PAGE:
Is the Court bound by the agreement between the parties?

The court explores - Whether the court is bound by an agreement made between the parties in order to reach a settlement? In the recent Court of Appeal decision, Richardson1, the court looked at a trial decision that was contrary to a settlement that the parties had negotiated. The Court of Appeal was faced with the question of whether the trial judge's refusal to accept the negotiated settlement between the parties was contrary to the best interests of the children, the principles of fundamental justice, and indicative of bias. The Court of Appeal said no and concluded that they would not interfere with the trial judge's decision to not accept the settlement between the parties.

In the court process, parties often negotiate a settlement in order to avoid trial. A settlement can be reached at any time during the process. One of the goals of the family court process is to encourage resolution between the parties when possible. An offer to settle should set out all the ways in which the disputed issues can be settled. Parties are strongly encouraged to consider ALL offers because rule 18(14) provides costs consequences for failing to accept an offer if the party who made the offer obtains an order that is favourable as or more favourable than the offer. If the other party makes you an Offer to Settle, you do not accept that Offer, and the order ultimately made by the court is as favourable or more favourable to the offering party than their Offer was, the offeror is entitled to their legal costs, unless the court orders otherwise, to the date the Offer was served, and full recovery of costs from that date.

In other words, if the offer that is presented to you ends up being better than what you received when you went to trial, you may have to pay substantial costs to the other side.

In the Richardson2 case, the parties advised the trial judge, during the trial, that they were negotiating a settlement. The trial judge granted an adjournment but advised the trial would continue the following day whether or not a settlement had been reached.

The proposed settlement was presented to the judge the following day. The settlement contained language that the children would move from one party's primary custody (father) to the other party's primary custody (mother); however, the final decision-making would remain with the father. This move involved significant travel (Niagara Falls to Ottawa).

The trial judge reviewed the proposal and refused to approve it. No reasons provided.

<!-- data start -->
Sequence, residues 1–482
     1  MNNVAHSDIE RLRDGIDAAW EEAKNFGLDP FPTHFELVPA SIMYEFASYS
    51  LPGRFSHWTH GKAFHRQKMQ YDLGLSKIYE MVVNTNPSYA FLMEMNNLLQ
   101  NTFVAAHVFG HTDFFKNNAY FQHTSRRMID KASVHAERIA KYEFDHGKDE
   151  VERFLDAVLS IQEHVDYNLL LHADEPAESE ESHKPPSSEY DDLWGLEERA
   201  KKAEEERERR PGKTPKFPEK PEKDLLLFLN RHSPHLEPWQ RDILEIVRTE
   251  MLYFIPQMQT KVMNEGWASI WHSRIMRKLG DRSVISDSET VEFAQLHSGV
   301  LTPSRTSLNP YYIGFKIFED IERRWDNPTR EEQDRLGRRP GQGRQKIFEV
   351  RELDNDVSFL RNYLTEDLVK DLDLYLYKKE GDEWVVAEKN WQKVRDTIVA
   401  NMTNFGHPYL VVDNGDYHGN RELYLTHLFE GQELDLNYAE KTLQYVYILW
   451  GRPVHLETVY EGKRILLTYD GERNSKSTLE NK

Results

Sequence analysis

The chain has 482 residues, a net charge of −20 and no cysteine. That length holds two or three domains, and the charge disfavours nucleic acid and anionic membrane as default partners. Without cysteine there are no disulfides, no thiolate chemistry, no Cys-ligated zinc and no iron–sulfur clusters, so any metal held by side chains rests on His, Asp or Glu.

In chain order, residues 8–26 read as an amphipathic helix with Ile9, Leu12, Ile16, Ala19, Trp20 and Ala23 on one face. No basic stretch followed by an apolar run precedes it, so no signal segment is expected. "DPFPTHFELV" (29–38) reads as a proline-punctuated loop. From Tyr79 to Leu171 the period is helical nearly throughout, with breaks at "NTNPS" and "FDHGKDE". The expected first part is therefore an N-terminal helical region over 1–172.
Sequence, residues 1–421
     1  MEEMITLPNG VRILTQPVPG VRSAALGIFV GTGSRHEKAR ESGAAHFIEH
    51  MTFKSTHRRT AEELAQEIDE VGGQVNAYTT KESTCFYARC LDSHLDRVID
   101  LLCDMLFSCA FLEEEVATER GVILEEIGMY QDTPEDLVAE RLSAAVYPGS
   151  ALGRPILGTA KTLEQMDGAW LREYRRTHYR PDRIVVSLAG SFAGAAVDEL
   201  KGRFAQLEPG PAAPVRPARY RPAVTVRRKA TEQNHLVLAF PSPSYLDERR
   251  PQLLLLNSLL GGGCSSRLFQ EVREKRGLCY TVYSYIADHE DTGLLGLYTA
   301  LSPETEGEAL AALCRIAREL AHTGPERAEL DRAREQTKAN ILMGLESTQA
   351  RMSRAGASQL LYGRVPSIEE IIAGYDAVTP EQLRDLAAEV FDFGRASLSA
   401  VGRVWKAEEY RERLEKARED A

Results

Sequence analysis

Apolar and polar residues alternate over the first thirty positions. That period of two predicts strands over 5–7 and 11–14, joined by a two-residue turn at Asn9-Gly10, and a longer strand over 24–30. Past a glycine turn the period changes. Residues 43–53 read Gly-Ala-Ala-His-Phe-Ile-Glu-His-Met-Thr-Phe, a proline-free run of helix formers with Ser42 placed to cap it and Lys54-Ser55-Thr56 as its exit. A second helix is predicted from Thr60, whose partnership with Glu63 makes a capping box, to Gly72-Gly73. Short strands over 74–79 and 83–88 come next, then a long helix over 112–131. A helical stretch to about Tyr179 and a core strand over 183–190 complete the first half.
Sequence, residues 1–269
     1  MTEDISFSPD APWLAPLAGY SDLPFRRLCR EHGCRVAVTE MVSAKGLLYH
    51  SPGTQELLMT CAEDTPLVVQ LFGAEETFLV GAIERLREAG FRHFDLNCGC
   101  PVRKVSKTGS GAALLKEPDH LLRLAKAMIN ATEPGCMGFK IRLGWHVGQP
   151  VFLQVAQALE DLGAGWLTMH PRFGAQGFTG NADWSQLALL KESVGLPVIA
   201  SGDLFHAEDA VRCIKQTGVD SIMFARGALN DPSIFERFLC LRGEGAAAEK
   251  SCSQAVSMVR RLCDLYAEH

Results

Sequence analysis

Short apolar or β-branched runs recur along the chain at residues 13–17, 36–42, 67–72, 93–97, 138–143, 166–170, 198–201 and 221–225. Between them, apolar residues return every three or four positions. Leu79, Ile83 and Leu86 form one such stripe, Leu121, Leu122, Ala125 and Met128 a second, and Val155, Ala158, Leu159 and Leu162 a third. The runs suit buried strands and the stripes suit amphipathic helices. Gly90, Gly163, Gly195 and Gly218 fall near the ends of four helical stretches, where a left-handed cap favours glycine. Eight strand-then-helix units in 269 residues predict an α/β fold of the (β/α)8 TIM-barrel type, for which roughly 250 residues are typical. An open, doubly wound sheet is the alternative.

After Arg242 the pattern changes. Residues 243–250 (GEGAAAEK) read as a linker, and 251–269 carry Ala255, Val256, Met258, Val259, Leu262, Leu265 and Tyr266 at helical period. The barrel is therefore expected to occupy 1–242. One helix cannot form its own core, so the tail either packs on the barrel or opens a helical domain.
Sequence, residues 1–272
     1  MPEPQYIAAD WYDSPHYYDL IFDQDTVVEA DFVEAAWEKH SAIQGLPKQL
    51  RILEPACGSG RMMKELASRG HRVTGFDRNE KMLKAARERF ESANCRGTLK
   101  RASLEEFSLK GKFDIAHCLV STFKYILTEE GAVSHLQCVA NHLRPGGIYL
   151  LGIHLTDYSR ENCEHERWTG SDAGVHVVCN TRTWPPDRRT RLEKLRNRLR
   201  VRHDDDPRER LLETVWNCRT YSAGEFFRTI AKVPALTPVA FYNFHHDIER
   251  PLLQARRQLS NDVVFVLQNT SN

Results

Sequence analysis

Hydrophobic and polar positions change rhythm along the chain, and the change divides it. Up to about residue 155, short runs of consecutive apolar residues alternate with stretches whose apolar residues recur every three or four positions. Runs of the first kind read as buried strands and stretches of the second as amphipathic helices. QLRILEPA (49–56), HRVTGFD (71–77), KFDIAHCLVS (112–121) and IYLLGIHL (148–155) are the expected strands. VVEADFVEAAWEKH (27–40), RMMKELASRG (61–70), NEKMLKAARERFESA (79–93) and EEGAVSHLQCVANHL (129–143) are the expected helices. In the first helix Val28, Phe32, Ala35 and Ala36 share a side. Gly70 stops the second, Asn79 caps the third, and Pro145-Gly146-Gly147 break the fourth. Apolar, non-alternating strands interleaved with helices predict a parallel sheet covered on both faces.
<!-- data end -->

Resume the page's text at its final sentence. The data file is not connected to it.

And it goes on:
The trial judge decided that a move from one party's residence to the other was not in the children's best interest; furthermore, the trial judge amended the time sharing to reduce travel, ultimately reducing the mother's access to the children.

This case was brought to the Court of Appeal to explore the rejection of the proposed settlement.

It is well established that judges have the authority to review settlements and to reject them if they are not in the best interests of the children3. The Court of Appeal stated:

"whether a settlement is in the children's best interests should take into account more than just the settlement terms. It should also consider the general benefits to children that flow from parents resolving their disputes through compromise rather than litigation".

While rejecting the proposed settlement undermines the settlement process and the court's duty to help the parties settle their case4, the Court of Appeal found that:

"the findings of the trial judge, which were made after a full hearing on the merits and are not contested on appeal, make clear that sound bases exist for rejecting the proposed settlement".

This decision leaves the question - given the strongly encouraged process of settlement, how and why was the Richardson agreement not upheld?

Ultimately, this decision reveals that, even when a settlement is proposed, the judge can reject the proposal if it fails to meet the threshold of "best interests of the child".

In this case, the dissent of Justice Nordheimer is noteworthy. He stated:

"In my view, the conduct of the trial judge with respect to his rejection of the parties' settlement, without reasons, so tainted the conduct of the proceeding that his disposition cannot be allowed to stand. To do otherwise fundamentally undermines the need for court proceedings not only to be fairly conducted but, as importantly, be seen to have been fairly conducted".

If you are contemplating a settlement outside the trial process, it is worthwhile to discuss your case with a family lawyer prior to signing.

If you have more questions related to Family Law, please visit our website or contact Kenna Bromley at Devry Smith Frank LLP to discuss any questions regarding your specific family law situation and your options 249-888-6641 or


1 Richardson v. Richardson, 2019 ONCA 983

2 Ibid

3 Martin v. Martin, 1981 CarswellBC 773 (C.A.), at para. 7; C.T.G. v. R.R.G., 2016 SKQB 387, 86 R.F.L. (7th) 312, at para. 11; and Harper v. Harper (1991), 1991 CanLII 8330 (ON SC), 78 D.L.R. (4th) 548 (Ont. Gen. Div.), at p. 553

4 Family Law Rules, O. Reg. 114/99, r. 2(5)(c)

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